» Posts Tagged ‘art’

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CropperCapture[77]There are many jobs in the filmmaking process. It all starts with a script, a story waiting to be told. Then there’s the director, the visionary, the person with the plan. But we all know that filmmaking is highly collaborative, so a team begins to emerge, with a group of like-minded artists all striving towards the same goal. You’ve got your art directors and production designers, and new worlds are created. You’ve got your editors, who lovingly craft the footage into the final piece of art. You’ve got your makeup artists and VFX artists and loads of other craftspeople who ultimately shape the film in some unique way. And then there’s the cinematographer, the person behind the lens. But what exactly does a cinematographer do, and what does it mean to be a cinematographer? The following short video from the EFTI School of Cinematography in Spain has the answer. More »

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Film Meets Art Christopher NolanFilmmakers draw their inspiration from absolutely everywhere — every experience they’ve had, place they’ve been, song they’ve heard. For some, obscure historical events triggers their creativity, while for others, it could be a simple photograph — the title character from Wes Anderson’s Rushmore, Max Fischer, was inspired by a photo by Jacques Henri Lartigue. The Tate Gallery in London has launched a fascinating series of videos entitled “Film meets Art” that asks prominent U.K. directors about which works of art from famous painters have inspired their films. More »

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Christopher DoyleHere at NFS we’ve shared plenty of Christopher Doyle’s enlightening advice, as well as a cinematography masterclass from the legendary Hong Kong DP. At this point, it’s pretty safe to say that Doyle is one of my absolute favorite cinematographers. Maybe it’s his fabulous hair style, or his unique sense of camera movement and light. Mostly though, it’s due to the fact that he is one of the few cinematographers working in narrative features today who is a legitimate artist in every sense of the word. He uses cinematography as a vehicle to express his singularly fascinating worldview, which is one of the things that sets him apart from the crowd. Now we’ve got a fantastic piece of insight into Doyle’s unique artistic process in the form of an interview from thefilmbook. Check it out below. More »

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WonderlandMaking a sustainable and comfortable living from the art that we create — that seems to be the goal many of us, the light at the end of the tunnel. But is that really possible — to spend our days doing what we love and being creatively satisfied by it, all the while getting paid? The fine folks over at Eskimo, a multidisciplinary design and production studio, have crafted a documentary that seeks to expound on these questions through interviews with some of today’s leading creative professionals. Check out the full documentary below: More »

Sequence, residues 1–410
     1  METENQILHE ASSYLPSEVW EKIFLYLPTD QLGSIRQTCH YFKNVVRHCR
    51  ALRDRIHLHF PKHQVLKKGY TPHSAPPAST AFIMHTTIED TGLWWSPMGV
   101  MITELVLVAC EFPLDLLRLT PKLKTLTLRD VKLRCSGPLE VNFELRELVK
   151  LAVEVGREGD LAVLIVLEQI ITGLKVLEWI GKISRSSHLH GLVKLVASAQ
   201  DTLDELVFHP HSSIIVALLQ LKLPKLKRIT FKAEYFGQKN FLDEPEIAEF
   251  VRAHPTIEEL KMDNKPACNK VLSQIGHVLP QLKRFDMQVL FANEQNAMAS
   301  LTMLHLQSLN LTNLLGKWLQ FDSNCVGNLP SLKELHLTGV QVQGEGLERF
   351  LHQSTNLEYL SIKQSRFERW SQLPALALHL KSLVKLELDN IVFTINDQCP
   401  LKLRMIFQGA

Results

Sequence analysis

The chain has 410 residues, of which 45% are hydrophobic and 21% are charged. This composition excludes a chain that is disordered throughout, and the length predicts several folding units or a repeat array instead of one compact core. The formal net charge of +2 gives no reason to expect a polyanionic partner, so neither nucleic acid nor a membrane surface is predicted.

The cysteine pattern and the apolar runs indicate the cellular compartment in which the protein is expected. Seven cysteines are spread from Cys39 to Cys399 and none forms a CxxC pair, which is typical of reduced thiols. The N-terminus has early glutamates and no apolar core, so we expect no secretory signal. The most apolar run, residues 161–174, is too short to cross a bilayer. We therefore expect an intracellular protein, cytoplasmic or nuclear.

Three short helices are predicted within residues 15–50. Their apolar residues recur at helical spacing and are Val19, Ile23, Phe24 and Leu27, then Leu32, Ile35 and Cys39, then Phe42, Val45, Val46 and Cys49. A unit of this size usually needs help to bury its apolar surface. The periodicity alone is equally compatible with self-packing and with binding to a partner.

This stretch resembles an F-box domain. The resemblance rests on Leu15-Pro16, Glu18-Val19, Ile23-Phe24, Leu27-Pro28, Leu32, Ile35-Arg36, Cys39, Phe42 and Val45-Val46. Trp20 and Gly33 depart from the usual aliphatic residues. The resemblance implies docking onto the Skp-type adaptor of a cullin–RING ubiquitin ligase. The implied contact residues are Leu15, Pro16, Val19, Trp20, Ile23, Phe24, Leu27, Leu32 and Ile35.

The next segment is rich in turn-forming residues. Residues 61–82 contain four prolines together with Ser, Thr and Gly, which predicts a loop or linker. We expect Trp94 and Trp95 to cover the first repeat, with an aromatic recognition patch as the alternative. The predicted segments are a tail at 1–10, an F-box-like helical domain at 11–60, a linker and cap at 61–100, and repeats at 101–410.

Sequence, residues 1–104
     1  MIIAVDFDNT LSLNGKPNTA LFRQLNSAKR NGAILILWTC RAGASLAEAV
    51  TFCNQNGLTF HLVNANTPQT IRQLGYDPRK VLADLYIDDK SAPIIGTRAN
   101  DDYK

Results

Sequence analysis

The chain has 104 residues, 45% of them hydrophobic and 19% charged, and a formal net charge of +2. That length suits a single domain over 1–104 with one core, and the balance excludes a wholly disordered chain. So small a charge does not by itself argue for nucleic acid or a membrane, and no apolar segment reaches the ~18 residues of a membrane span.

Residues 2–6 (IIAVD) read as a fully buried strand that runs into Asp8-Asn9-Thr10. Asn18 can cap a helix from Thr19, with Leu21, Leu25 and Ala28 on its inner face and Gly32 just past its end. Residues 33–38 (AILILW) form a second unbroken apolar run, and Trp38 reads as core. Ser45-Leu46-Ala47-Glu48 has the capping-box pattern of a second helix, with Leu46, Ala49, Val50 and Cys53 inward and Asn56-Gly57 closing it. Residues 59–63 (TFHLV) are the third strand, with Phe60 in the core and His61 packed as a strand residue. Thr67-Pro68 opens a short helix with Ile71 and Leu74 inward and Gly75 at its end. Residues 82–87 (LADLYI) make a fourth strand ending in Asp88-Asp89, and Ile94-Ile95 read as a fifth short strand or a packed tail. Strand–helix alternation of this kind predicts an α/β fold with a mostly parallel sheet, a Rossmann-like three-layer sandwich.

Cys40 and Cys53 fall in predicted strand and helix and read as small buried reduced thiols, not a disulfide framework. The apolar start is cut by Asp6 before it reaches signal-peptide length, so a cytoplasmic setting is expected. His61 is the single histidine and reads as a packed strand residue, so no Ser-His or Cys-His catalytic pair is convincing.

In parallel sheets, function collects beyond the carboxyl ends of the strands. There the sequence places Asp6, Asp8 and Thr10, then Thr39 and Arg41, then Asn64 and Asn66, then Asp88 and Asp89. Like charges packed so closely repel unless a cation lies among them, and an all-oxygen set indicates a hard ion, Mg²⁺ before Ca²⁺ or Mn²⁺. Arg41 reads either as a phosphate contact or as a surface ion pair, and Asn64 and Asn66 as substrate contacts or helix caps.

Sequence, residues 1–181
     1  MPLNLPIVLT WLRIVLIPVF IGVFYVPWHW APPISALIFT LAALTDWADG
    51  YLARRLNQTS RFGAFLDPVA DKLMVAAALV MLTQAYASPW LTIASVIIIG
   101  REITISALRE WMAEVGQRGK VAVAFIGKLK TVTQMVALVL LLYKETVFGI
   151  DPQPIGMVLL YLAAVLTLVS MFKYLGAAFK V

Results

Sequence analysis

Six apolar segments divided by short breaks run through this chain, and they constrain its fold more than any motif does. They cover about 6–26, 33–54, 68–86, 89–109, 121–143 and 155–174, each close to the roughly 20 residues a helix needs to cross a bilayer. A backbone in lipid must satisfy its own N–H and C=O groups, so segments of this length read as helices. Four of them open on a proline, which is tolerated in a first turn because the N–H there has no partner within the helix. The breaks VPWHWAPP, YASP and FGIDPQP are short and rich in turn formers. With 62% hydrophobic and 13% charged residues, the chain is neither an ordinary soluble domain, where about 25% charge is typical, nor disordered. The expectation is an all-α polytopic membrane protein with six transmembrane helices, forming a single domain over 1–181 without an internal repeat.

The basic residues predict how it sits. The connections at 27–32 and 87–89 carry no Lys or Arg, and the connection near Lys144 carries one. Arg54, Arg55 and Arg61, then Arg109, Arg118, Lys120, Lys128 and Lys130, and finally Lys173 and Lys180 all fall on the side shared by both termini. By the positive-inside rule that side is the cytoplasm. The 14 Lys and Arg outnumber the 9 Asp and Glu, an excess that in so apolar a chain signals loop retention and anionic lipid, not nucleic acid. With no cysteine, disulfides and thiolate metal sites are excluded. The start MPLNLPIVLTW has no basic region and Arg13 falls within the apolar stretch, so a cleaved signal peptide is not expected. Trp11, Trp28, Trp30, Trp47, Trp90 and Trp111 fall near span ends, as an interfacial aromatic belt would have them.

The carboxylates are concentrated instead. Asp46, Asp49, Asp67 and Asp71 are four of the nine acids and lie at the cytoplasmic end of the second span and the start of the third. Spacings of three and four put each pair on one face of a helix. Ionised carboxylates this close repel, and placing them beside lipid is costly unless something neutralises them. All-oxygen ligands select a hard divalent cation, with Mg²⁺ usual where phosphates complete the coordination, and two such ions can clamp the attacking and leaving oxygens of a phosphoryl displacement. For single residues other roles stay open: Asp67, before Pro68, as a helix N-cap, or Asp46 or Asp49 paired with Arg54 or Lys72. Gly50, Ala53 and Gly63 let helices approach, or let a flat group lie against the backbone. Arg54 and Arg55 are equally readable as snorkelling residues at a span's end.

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John Hawkes is one of those actors who slides under most people’s radar, even though he somehow manages to be in just about everything. I first became aware of his acting prowess with his eerie portrayal of a cult leader in Sean Durkin’s haunting character study, Martha Marcy May Marlene. Since then, I’ve noticed him in about a gazillion different films (that’s the actual number), and I’ve come to greatly appreciate him as one of a few fantastic character actors working today. He’s even been nominated for an Academy Award for his role as the meth-addled antagonist in the indie hit, Winter’s Bone. Hawkes recently wrote a short piece for MovieMaker Magazine about his seven tips for surviving in the film industry, and needless to say, the seasoned veteran has some fantastic advice for up and coming filmmakers. More »

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PressPausePlay is a feature-length documentary on “hope, fear, and digital culture” that has been making the festival rounds for a while and is now available gratis on the internet. It’s highly recommended viewing at any price — you can buy it for $14.99 on iTunes or rent it for $3.99 on Amazon — but now you can also download it for free (in 1080p, no less) on the PressPausePlay site. There’s also a nifty Adobe AIR interactive version (also free) with interactive hotspots and links to full interviews. Here’s not just one but three relevant trailers: More »